(3:10 p.m. EDT) -- Some U.S. homeports with cruise terminal facilities are making use of their space as short-term hospitals to aid in the COVID-19 medical effort. This follows the announcement last week that Carnival Corporation is making cruise ships available for use as temporary hospitals, if the government needs them.
In New York, both the Manhattan and Brooklyn cruise terminals have been scouted as locations where patients not affected by COVID-19 can receive care, freeing up traditional hospital beds for those with the virus.
The USNS Comfort, a 1,000-bed Navy hospital ship also used after the 9/11 terrorist attacks, docked today at Pier 90 in the Manhattan Cruise Terminal. According to Cruise Industry News, the ship is planned to stay on a minimum of 14 days. The ship also houses 12 operating rooms and a medical laboratory.
Less than 2 miles away, the Jacob K. Javits Convention Center has been converted into a 3,000-bed field hospital with the help of the Army Corp. of Engineers.
In a press conference Friday, New York Governor Andrew Cuomo also announced that the 200,000-square-foot Brooklyn Cruise Terminal is being considered as a temporary hospital location for that borough. During its regular operation, the Brooklyn Cruise Terminal in Red Hook is the turnaround port for Cunard's Queen Mary 2, famous for its historic transatlantic crossings into the United Kingdom.
On the west coast, the Port of Seattle is designating portions of Terminal 46, a brand-new cruise terminal still under development, for use by the U.S. Army and its forthcoming field hospital.
"In response to the COVID-19 health crisis, The Port of Seattle and The Northwest Seaport Alliance (NWSA) will make sections of Terminal 46 available for trailers, container equipment and storage needs in support of the U.S. Army's Field Hospital 10, which is to be setup this coming week at Century Link Exhibition Center," said Port of Tacoma Commissioner John McCarthy and Port of Seattle Commissioner Peter Steinbrueck, Port commission presidents and co-chairs of The Northwest Seaport Alliance, in a news release.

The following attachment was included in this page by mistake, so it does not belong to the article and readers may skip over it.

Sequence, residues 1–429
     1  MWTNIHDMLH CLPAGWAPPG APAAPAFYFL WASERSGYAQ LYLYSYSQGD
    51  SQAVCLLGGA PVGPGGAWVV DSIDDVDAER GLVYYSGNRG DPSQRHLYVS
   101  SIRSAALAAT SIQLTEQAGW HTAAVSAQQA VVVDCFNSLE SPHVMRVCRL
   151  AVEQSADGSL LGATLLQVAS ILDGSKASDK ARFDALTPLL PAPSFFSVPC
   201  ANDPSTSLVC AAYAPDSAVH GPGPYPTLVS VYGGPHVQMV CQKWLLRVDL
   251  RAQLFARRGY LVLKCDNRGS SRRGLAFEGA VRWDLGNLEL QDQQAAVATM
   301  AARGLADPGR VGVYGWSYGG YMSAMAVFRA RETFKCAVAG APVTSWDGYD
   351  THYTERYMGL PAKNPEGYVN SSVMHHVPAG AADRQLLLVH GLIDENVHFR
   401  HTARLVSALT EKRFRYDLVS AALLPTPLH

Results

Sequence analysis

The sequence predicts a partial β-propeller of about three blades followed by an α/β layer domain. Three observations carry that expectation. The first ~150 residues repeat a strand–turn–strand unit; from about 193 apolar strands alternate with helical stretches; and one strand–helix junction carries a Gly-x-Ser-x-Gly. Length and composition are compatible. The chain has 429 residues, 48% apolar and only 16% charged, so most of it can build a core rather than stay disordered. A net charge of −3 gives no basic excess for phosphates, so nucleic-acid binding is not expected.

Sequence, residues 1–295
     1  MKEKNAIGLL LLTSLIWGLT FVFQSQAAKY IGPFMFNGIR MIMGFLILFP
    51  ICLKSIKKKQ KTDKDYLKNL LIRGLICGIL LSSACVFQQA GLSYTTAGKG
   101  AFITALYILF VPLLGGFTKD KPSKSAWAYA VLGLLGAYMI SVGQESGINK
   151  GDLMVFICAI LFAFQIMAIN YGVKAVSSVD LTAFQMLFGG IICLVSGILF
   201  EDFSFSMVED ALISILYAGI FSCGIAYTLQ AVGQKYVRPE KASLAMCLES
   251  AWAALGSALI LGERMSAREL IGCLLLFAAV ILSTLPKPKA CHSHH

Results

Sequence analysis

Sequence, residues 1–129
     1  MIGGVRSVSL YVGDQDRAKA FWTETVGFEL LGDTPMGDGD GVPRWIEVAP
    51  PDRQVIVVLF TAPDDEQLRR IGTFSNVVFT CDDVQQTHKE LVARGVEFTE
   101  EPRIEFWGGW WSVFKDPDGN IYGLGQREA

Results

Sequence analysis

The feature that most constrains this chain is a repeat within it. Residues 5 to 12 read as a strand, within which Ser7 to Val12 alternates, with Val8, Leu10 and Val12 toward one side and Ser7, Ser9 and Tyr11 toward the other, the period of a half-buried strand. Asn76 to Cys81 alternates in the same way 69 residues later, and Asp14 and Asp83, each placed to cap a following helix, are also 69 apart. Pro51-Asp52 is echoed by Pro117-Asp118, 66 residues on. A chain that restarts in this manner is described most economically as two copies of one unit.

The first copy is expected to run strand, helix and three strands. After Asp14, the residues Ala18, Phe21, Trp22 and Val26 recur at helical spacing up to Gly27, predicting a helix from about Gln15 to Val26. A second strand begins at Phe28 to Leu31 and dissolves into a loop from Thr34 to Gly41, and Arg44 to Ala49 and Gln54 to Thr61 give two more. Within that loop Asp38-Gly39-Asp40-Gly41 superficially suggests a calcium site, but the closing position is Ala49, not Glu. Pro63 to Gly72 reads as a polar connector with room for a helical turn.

"The NWSA's approved licensee to operate cargo operations at T-46, Foss Maritime, is uniquely situated and qualified to work with military, hospital, health, and other stakeholders to provide the necessary services as requested. We greatly value the opportunity to work with all entities to protect the health and safety of our region during this time of crisis. The temporary hospital facilities will be for Non-COVID patients."
In California, another 1,000-bed hospital ship, USNS Mercy, arrived at the World Cruise Terminal at the Port of San Pedro in downtown Los Angeles on Friday, March 27. Like Seattle and New York, the ship has been made available to treat patients without COVID-19, and helps by increasing medical staff to tackle the increase in hospital patients.
Typically, the west coast would be ramping up for Alaska cruise season, which kicks off in April. With the Port of Seattle closed indefinitely and Canadian ports provisionally closed until July 1, Alaska cruise season has been delayed by a minimum of three months.